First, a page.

There was testimony, both expert and non-expert which disputed appellant's mental capacity at the time of the robbery. The decision could have gone either way. The question was for the jury. The court did not err in denying the motion for judgment of acquittal.

7

The claimed error in the charge was the inadvertent omission of the word "not" in a paragraph of the charge having to do with burden of proof under the defense of insanity. We do not reach the question presented. It suffices to say that the omission is not likely to recur. The same can be said for the alleged prejudicial statements of the court. The testimony of an FBI agent as to appellant's mention of prior arrests to him, after an objection had been sustained as to similar testimony, also falls into this category.

8

This brings us to the questions having to do with the exclusion and admission of evidence. The only question involving a claim that evidence should not have been admitted relates to the testimony of an FBI agent as to statements made to him by appellant shortly after the robbery. The objection is two-fold. First, it is claimed that it was Miranda1 barred. Second, it is urged that it was improper to allow the FBI agent to give his opinion as to appellant's mental capacity immediately following the robbery. The Miranda objection rests solely on the theory that appellant's mental condition precluded a waiver of his Miranda rights and also precluded the making of voluntary admissions. The court had a Jackson v. Denno hearing2 on these questions and concluded that the testimony was admissible. We agree. The evidence as to appellant's condition at the time of the interview warrants the ruling of the court. It was also proper to admit the opinion evidence. The question of opinion testimony by lay witnesses as to mental capacity will be discussed infra.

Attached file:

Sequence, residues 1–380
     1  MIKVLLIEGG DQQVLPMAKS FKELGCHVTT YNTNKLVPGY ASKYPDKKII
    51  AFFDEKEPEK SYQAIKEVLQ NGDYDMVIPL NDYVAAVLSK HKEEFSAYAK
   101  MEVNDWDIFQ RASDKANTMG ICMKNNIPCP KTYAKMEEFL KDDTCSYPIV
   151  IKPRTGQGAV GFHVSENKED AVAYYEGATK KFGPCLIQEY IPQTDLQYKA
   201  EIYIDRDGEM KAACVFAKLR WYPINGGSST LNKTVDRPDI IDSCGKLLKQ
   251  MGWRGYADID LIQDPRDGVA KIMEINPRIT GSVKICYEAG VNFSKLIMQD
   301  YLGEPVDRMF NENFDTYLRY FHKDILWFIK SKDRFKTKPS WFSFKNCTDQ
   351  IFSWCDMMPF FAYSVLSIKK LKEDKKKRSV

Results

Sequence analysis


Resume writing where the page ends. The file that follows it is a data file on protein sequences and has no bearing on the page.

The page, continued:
9

We come now to the excluded evidence. In Blake v. United States, supra, we said:

10

"We come then to the sufficiency of evidence question. The district court followed the salutary principle, applicable in cases involving the defense of insanity, of admitting all evidence, both lay and expert, in any wise relevant or pertinent, to the issue of insanity. This is in keeping with the philosophy of letting in all facts which might be helpful to the jury in making the final determination of the criminal responsibility of the accused. See Mims v. United States, supra, [5 Cir.], 375 F.2d, , at p. 143, where the court pointed to the sound rule that the issue of insanity should be determined by the jury from all of the evidence rather than from the opinion of experts alone." 407 F.2d at 911.

11